Katharina Grosse: Chill Seeping from the Walls Gets Between Us (exhibition view), 2021/ Photo: HAM/Hanna Kukorelli
In addition to the VIP events HAM Helsinki Art Museum exhibitions are free to experience for VIP guests. Opening hours during 2.9.-4.9. as follows:
Katharina Grosse: Chill Seeping from the Walls Gets between Us
German artist Katharina Grosse has become internationally known for her large on-site paintings, which she sprays across objects, architectural structures and landscapes. In her first solo exhibition in Finland, Grosse will be taking over both of the arched halls on the upper floor of HAM. On display will be two new pieces for which the artists will transform the exhibition spaces into massive, all-encompassing spatial works of art. Grosse will be painting one of the two pieces on-site, using the bright and vibrant colours characteristic of her art.
Lallukka – Life in the Home of Artists
There is no other building in Finland that has housed as many well-known artists: to this day, more than 130 visual artists and a host of musicians and stage artists have stayed at the Artists’ Home. The first artists to move into the Artists’ Home, completed in 1933, included Marcus Collin, Ester Helenius, Eero Nelimarkka, Venny Soldan-Brofeldt and Ellen Thesleff. The Lallukka – Life in the Home of Artists exhibition showcases 43 visual artists who have stayed at the Home and 61 works from 1933 to modern times. Lallukka’s modern artists included in the exhibition are Elina Merenmies, Inka Nieminen and Tommi Toija.
Mario Rizzi: BAYT (HOME), 2013-2019
HAM will show BAYT (HOME), the film trilogy of Mario Rizzi, as part of the Helsinki Biennial. The trilogy is shown repeatedly in the HAM Hall when the museum is open. Al Inithar, a film included in the trilogy, as well as Rizzi’s photos can also be seen in Vallisaari’s Luotsitalo.
In the first film of the trilogy BAYT, Al Intithar (The Waiting, 2013), home is reduced to a tent in a refugee camp in the middle of a Jordanian desert. The film follows seven weeks in the life of its main protagonist, Ekhlas, a relentless woman who has fled the Syrian war together with her three children. The tragic ramifications of the war are felt keenly in the daily lives of the refugee family.
In the second film, Kauther (2014), we meet the Tunisian activist Kauther Ayari, the first activist to give a passionate and inspired voice to Tunis rioters during the 2011 Tunisian Revolution. She shares her thoughts on life, the build-up of 2011 and the conditions of being a woman in Arabic society.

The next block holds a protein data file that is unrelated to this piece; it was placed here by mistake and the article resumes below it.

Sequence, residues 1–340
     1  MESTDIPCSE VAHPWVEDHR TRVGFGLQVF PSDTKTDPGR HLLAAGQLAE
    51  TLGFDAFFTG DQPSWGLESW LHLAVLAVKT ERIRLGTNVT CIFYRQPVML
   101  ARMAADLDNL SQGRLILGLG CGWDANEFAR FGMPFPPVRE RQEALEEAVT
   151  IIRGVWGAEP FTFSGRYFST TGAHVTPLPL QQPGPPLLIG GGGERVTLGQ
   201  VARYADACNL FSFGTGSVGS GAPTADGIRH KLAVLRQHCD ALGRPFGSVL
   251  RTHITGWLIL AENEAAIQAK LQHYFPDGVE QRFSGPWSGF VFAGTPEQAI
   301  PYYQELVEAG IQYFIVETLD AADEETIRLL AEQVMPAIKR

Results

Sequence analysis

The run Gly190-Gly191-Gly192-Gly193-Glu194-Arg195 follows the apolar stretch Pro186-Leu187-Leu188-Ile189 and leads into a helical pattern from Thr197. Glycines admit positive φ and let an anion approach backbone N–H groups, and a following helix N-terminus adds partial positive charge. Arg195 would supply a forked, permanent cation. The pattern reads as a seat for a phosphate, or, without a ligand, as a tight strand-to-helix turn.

The third film of the trilogy, The Little Lantern (2019), was shot in Beirut and tells the story of an 84-year-old Danish woman, Anni Høver Kanafani, who travelled to Beirut in the 1960s to meet the acclaimed Palestinian writer, poet and activist Ghassan Kanafani. She married him and has been living in Lebanon throughout all her life, choosing the Beirut refugee camps as her “home”. After her husband’s death, Anni Kanafani continued to work in Palestinian camps – now also crowded by Syrians – creating kindergartens for refugee children.
Mario Rizzi’s (b. 1962, Italy) films look at topical social issues such as migration and questions revolving around borders, identity, and the sense of belonging. He analyses these broad themes through micronarratives about people’s daily lives, experiences and memories.
HAM Mix: Come Back as a Flower
Come Back as a Flower is a group exhibition weaving delicately around the Silueta series (1973–1977) by Ana Mendieta, held in HAM’s collections. The exhibition creates subtle dialogue between Mendieta’s series and the other pieces in the exhibition, suggesting loose connections and approaches between them. Above all, the exhibition is a space for different forms of sensing, providing visitors with a space for being and thinking.
While working on the Silueta series, Ana Mendieta developed her pioneering work based on performance, land art, ecofeminist politics and spirituality, and photograph and video documentation. Today, Mendieta’s unique practice is once again extremely relevant, highlighting observations about the relationship between humans and nature, the personal as political, the layered nature of identity, mysticalspirituality, and the material nature of art.
The exhibition includes new commissions by Essi Kausalainen and Elina Vainio, as well as new versions of existing pieces. Additionally, the exhibition contains different spatial and temporal dimensions: it features Anne Koskinen’s public artwork Stone (2008), which is located outside the HAM facilities in the Aurinkolahti area in Vuosaari. Melanie Bonajo’s video piece Night Soil – Nocturnal Gardening (2016), on the other hand, will be shown in the HAM Auditorium starting in October.
The artists in the exhibition are: Melanie Bonajo, Carola Grahn, Eva Gyldén, Evan Ifekoya, Emma Jääskeläinen, Catharina Kajander, Essi Kausalainen, Anne Koskinen, Ana Mendieta and Elina Vainio. The exhibition is curated by Elina Suoyrjö.
More information about the exhibitions: